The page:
• progressive growth in management and oversight of programs by Papua New Guineans, rather than international experts.


I want to emphasise that Papua New Guineans, including myself, acknowledge the majority of Australian support has been well received. While the paradigm that drives the Australian partnership with PNG is changing, the issues and challenges for PNG remain the same.

We are mostly concerned with improving services of our economic and social sectors, through values and ethical leadership and governance. At a time in which Australian personnel, policies and delivery mechanisms are changing, we should learn from past experiences in order to shape the future, especially in terms of the management of transparency and accountability of the Papua New Guinea–Australia partnership.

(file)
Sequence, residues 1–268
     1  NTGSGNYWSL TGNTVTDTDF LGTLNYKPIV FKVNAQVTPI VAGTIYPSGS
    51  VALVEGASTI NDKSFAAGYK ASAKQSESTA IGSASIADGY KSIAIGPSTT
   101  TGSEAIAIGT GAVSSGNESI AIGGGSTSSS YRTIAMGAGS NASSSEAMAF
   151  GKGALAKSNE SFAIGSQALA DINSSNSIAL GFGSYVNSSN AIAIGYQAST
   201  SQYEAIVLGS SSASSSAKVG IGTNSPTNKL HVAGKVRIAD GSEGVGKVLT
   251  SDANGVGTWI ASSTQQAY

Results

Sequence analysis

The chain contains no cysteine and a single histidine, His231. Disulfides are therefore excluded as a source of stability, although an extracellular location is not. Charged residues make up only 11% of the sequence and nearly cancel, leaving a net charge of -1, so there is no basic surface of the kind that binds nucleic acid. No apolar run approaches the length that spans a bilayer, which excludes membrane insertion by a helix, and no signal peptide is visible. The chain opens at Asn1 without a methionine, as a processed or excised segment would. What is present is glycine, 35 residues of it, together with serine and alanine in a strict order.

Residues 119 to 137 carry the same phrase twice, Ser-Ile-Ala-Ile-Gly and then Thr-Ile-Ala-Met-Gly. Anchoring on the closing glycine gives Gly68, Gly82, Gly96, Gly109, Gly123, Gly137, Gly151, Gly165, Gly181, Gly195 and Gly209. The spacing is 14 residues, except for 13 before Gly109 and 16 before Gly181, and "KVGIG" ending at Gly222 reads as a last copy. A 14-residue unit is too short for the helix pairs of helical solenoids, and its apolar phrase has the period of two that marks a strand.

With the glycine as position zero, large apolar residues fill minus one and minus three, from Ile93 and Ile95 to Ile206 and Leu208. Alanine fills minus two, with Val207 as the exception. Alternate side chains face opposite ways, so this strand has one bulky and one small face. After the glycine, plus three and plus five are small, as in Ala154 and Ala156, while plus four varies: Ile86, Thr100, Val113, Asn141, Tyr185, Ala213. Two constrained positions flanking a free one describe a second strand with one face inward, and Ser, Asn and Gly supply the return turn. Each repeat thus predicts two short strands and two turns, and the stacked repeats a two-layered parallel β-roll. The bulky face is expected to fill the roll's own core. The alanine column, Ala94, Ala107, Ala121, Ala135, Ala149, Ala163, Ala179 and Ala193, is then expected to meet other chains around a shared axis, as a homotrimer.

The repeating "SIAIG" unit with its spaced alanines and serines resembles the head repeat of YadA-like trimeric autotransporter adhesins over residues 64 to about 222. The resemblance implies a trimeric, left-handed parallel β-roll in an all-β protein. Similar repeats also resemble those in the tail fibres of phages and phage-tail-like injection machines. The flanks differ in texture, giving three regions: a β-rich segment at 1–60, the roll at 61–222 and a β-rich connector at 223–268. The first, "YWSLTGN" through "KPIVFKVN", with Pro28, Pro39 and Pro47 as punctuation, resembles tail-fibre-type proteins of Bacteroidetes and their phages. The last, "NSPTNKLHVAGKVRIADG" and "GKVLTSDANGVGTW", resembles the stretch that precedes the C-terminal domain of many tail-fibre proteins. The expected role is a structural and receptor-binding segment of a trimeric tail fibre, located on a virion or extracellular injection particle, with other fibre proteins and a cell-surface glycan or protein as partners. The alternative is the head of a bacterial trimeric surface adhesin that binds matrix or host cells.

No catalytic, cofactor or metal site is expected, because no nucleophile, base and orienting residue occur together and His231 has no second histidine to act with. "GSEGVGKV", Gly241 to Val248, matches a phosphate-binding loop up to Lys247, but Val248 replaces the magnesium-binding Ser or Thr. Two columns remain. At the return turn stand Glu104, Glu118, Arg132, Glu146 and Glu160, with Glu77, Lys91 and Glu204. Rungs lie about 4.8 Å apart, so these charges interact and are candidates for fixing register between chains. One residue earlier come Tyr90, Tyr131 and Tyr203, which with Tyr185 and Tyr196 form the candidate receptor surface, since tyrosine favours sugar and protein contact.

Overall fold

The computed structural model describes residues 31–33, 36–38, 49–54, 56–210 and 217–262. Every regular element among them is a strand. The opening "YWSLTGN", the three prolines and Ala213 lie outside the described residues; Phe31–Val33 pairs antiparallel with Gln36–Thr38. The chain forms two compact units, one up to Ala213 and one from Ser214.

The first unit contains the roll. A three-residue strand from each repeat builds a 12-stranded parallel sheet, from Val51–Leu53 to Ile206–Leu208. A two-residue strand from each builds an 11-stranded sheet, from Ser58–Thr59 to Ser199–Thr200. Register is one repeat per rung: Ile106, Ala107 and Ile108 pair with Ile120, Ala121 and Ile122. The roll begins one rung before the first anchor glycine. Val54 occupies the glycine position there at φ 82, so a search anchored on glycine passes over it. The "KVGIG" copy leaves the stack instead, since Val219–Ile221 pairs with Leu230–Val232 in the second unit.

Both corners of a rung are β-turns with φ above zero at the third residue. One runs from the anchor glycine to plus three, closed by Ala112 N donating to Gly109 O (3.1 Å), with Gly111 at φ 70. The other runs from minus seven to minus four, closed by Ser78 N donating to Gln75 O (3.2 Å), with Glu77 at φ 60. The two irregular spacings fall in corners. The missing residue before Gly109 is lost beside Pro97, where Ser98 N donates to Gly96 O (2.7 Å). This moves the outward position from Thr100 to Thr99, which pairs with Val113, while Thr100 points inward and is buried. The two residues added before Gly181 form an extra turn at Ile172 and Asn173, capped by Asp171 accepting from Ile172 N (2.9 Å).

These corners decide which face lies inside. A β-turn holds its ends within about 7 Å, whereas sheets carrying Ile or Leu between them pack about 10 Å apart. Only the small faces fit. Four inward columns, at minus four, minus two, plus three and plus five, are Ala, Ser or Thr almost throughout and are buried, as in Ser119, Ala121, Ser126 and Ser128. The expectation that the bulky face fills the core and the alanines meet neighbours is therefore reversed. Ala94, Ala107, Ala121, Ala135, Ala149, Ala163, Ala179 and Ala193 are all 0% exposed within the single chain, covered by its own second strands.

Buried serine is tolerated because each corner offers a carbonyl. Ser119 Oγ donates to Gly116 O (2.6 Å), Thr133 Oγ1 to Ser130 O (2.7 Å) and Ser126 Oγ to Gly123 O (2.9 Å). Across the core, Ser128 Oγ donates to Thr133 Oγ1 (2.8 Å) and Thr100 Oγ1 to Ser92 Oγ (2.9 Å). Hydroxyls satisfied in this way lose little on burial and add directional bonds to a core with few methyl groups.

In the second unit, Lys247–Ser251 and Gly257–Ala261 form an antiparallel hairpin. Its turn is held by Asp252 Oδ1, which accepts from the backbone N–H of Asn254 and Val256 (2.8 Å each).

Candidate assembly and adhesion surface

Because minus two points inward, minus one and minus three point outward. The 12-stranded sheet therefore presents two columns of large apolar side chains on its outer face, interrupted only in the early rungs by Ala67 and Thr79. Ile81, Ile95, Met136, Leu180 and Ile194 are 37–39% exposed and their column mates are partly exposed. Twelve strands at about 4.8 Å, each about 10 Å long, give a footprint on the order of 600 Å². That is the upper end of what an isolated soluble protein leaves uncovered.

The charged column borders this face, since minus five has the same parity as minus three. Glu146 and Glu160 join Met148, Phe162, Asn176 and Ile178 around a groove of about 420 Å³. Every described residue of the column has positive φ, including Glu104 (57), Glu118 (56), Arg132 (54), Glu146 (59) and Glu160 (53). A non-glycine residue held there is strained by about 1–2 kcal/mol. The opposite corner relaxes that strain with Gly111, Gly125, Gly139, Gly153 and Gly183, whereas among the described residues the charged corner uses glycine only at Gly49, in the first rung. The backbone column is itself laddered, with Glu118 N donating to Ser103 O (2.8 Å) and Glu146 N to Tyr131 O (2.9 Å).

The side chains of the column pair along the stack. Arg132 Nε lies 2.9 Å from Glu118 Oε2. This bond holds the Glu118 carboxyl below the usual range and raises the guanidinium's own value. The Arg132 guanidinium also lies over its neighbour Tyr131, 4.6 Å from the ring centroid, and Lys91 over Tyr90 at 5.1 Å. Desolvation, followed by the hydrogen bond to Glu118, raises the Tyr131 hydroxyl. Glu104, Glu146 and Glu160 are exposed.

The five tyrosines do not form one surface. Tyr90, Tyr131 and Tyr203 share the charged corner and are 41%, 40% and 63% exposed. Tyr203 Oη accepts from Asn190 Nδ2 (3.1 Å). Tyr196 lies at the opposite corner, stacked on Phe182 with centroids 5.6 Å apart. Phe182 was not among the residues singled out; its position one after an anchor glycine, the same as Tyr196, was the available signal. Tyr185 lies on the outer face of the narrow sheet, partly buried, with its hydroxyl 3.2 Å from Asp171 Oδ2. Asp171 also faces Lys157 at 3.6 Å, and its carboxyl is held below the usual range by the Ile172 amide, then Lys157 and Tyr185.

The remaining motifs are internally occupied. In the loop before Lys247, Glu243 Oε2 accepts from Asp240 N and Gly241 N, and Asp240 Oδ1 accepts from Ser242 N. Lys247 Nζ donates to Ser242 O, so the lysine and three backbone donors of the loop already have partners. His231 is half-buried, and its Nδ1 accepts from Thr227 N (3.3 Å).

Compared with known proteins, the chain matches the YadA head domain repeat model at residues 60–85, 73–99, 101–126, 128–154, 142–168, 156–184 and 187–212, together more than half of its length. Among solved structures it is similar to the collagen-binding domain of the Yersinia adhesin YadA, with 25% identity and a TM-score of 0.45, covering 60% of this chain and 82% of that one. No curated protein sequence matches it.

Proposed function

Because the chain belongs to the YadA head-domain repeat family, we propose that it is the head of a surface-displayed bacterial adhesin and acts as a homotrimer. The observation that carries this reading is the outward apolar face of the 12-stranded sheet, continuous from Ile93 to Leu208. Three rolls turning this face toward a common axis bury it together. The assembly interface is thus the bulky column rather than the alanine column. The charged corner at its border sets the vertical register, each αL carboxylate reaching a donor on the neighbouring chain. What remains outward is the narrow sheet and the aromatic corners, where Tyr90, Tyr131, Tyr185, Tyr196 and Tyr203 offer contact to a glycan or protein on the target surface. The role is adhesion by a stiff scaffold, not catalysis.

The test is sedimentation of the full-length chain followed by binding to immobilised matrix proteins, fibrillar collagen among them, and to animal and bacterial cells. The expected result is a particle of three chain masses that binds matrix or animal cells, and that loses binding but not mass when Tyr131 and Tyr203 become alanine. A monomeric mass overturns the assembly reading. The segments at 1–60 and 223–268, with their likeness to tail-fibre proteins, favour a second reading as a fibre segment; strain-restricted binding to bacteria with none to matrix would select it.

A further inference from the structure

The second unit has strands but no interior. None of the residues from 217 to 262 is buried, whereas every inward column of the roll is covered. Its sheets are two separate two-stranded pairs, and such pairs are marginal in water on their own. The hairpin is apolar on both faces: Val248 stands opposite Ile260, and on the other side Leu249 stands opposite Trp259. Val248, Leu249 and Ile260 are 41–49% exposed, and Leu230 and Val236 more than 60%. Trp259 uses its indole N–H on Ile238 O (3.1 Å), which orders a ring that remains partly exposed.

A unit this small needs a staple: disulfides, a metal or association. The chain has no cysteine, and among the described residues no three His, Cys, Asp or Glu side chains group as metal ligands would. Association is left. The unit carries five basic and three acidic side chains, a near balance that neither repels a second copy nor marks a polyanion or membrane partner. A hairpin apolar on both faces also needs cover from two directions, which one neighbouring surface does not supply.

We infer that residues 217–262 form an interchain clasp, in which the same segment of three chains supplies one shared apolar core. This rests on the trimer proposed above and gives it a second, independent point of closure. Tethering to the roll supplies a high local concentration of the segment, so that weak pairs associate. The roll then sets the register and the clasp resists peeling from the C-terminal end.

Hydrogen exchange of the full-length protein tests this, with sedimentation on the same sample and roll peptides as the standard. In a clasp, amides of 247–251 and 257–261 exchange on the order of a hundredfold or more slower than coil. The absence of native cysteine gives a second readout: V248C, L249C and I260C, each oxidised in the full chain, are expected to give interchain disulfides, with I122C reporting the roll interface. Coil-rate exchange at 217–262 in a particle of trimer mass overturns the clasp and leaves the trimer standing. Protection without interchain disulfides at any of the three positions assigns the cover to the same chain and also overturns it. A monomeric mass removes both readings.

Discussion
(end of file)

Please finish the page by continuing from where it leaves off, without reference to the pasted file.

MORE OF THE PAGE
Ours is one that must be built on love and trust, which have been won through blood sweat and tears, through our comradeship and on the battlefields.

His Excellency, John Ma’o Kali, CMG OBE is Papua New Guinea’s High Commissioner to Australia.

This is the second blog of a two-part blog series. Read the first blog here. You can also watch a video recording or listen to the podcast from the 2020 Australasian AID Conference session with the author.

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John Ma'o Kali CMG OBE

John Ma'o Kali is Papua New Guinea's High Commissioner to Australia.